Wednesday, July 19, 2017

Dear Sugar: The Day I Quit Working Out

Dear Sugar:

For fifteen years, I worked out consistently.  Working out helped me get through the stress of college (most of the time I was also working 2-3 jobs to pay my tuition bill).  Working out helped me manage the pressures of planning my wedding.   It aided me in managing my anxiety, my blood sugars, and keeping my weight steady.

When we were matched with our fourth child, I began to stop working out as much.  First, it was summer, and I had three children.   Second, I was a nervous wreck, slowly falling in love with the daughter who wasn't mine.  

When our daughter was born in September, I ceased working out.  And I noticed that some things happened.  Perhaps they sound familiar to you?

-I wasn't sleeping as well.
-My anxiety increased, in steady waves.  
-I had way less energy.  
-I was less coordinated and less strong.  
-I got hurt more easily (probably due to the aforementioned lack of coordination and strength).
-I was less motivated.  
-I dreaded the first two hours of every morning, because I was so slow to fully wake up.  
-My blood sugars crept higher more easily and quickly.  

Looking back, it was really a domino effect.   One thing leading to the next.  That feeling of helplessness and giving up, plus an awareness of spiraling "out of control."  I found a new normal, eventually, a normal of accepting that working out had succumbed to LIFE.  

Now, there's a natural break in routine with a newborn.  Feedings every two-three hours through the night, plus dealing with one child's restless leg syndrome, another child's sensory issues, and another one's asthma.   Then sick season where we got hit with strep and the flu (two solid weeks out of school).   

But for me, a type 1 diabetic, working out is essential.  Exercise lowers my blood sugar, gives me energy (which is needed since my energy-sucking disease needs a boost!), and decreases my anxiety (about everything, including my disease).

I hit rock bottom when a month ago, my hip was in excruciating pain.  I couldn't sit on the floor and play with my kids. Certain movement rendered me breathless.  The pain radiated down my thigh, around my knee, and down to my ankle.  I went to my chiropractor, then my general practitioner, and then to physical therapy.   I felt like I was 85 years old.  I mean really, hip pain?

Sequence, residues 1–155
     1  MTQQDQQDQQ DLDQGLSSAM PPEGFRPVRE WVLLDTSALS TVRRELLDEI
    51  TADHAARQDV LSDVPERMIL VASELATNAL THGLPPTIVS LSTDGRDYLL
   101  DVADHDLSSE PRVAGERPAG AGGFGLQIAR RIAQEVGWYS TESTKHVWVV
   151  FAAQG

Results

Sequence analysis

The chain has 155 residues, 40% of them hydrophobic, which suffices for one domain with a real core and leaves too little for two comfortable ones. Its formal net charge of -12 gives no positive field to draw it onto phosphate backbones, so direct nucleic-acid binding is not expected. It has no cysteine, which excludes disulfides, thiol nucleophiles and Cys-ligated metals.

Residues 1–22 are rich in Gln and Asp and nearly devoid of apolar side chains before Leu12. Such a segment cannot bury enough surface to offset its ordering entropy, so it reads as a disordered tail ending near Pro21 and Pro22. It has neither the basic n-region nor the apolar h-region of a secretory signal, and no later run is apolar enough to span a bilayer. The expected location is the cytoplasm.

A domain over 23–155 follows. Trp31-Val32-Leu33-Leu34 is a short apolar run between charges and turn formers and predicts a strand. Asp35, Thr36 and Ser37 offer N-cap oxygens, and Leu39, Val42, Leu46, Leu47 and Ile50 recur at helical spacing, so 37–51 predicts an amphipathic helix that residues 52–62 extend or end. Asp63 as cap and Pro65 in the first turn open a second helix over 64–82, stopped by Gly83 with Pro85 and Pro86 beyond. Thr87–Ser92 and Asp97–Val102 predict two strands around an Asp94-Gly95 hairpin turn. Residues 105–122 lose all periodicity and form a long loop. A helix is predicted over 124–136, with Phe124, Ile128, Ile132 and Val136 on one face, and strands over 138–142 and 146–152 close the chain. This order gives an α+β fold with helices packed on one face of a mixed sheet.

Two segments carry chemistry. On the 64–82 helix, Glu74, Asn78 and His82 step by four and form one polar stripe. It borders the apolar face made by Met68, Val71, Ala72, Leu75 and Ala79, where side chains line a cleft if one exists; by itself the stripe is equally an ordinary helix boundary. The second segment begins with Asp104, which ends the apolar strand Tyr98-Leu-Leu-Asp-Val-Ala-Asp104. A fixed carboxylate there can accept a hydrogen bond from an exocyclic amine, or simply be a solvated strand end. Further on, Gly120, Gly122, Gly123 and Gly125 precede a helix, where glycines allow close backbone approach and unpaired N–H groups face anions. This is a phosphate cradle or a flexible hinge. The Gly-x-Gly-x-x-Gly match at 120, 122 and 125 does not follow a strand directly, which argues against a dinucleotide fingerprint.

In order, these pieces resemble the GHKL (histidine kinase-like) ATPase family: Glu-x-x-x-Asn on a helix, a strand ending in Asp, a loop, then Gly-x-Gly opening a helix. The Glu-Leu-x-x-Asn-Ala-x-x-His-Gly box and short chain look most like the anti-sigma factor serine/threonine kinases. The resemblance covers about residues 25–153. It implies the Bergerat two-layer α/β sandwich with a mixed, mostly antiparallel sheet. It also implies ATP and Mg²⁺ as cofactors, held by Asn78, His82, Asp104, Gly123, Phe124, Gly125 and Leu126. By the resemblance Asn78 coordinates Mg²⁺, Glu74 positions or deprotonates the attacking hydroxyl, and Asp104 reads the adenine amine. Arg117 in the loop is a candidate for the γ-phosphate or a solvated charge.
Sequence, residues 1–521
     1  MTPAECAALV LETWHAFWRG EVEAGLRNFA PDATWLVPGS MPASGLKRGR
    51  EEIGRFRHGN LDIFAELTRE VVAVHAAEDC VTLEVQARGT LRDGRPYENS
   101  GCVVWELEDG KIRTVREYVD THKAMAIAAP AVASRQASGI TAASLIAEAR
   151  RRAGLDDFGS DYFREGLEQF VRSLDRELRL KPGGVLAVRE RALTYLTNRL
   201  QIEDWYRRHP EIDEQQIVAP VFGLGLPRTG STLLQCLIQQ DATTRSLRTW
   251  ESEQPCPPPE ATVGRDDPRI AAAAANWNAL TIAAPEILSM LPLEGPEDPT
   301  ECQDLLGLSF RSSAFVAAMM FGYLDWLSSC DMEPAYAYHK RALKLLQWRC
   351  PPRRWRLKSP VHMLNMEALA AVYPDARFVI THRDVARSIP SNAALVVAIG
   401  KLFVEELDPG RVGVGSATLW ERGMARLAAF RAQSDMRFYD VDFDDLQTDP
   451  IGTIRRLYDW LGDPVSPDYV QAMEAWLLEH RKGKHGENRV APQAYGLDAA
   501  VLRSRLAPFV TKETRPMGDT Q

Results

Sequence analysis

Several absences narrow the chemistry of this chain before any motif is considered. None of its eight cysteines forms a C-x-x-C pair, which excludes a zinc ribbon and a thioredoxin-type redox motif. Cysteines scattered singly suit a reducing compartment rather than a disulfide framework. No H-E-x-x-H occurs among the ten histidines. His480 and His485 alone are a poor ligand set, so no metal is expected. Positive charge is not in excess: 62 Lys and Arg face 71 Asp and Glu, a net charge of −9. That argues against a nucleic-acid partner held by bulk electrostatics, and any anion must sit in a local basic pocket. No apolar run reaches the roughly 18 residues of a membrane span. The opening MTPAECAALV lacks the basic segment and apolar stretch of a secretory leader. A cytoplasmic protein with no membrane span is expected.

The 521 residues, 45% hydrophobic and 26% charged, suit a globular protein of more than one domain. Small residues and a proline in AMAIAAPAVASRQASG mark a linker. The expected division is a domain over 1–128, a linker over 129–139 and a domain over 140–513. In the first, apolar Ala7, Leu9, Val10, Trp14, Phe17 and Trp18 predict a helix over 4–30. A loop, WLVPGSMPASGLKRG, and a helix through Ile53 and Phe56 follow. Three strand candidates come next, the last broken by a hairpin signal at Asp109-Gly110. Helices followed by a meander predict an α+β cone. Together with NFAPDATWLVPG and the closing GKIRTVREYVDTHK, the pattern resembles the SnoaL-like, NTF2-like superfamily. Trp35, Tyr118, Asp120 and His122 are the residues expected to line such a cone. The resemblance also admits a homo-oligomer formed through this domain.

Since doing the assigned exercises to increase flexibility, mobility, and strength, I'm slowly reintegrating working out back into my schedule.   It used to be non-negotiable.  I was THAT girl in the hotel gym on Christmas Eve, huffing and puffing on the treadmill.  

I'm trying to give myself a lot of grace.  And I'm trying to remember the WHY to working out.   

I share all this with you for a reason.   As a person who has been all over the proverbial map in terms of health, I want to offer a few "been there, done that" thoughts, hopefully so you do not end up in physical therapy:

1:  A lack of self-care is selfish, not selfless.
We are prompted to put our families first.  That's what good moms do, right?  WRONG!  Accept a temporary situation (a new baby) for what it is, but don't remain stagnant.  As my baby began sleeping through the night (and we did, too), I should have reintroduced exercise into my daily routine.  By not taking care of ME, I was not only hurting myself, but I ended up hurting my family with my limited ability to lift, play, and go! 

2:  Exercise isn't (just) about weight. 
Yes, you can lose weight or maintain your weight by exercising. Of course a healthy weight is important.  However, weight control is far more about what you put IN your body than exercise.  That said, there are SO many benefits to working out that go far beyond weight.  It's different for every person, but a few perks for me, when I work out, include:  I fall asleep easily and wake up energized, my anxiety decreases, and I feel empowered.  

3:  Exercise doesn't have to be what others like.
I.  Hate.  Running.   I hate it.   But I do like dancing, walking, and lifting weights.  I do what I love and reap the benefits!  Choose something you enjoy and do it.  

4:  Technology is great, but...
I'll be honest:  I think the whole FitBit, routing your run on your cell, tracking your diet in an app---I find these to be distractions.  I think some people find them helpful, and perhaps increase accountability, but fitness can be really, really simple.   

5:  Get the kids involved.
I've come to realize that my kids need to be included in my fitness routine since they are home all summer. They have their own set of free weights.  They have their own bikes and helmets (so they can pedal around the trail at the park while I walk, pushing the stroller). We love doing XBOX Just Dance! games together.  Again, these are not super strenuous things.  Because if it's not sort-of fun and occupies the kids, I'm not doing it.  Plus, it's really important to me to raise active, healthy children!  

What do you do for exercise?  What has gotten in the way of exercising in past, or what is getting in the way now?  What practical steps can you take to make a positive change?  

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